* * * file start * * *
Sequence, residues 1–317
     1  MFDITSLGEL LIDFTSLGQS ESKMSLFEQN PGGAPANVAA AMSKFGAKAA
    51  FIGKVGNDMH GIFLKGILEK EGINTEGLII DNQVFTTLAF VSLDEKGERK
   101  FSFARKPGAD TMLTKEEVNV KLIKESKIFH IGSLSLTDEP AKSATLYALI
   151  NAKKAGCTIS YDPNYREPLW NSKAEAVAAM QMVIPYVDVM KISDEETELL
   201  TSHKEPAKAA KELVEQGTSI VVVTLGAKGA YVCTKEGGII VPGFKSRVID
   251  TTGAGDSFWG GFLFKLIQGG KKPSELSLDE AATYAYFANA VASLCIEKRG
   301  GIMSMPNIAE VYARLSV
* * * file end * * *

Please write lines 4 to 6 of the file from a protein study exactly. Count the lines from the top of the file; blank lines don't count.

   101  FSFARKPGAD TMLTKEEVNV KLIKESKIFH IGSLSLTDEP AKSATLYALI
   151  NAKKAGCTIS YDPNYREPLW NSKAEAVAAM QMVIPYVDVM KISDEETELL
   201  TSHKEPAKAA KELVEQGTSI VVVTLGAKGA YVCTKEGGII VPGFKSRVID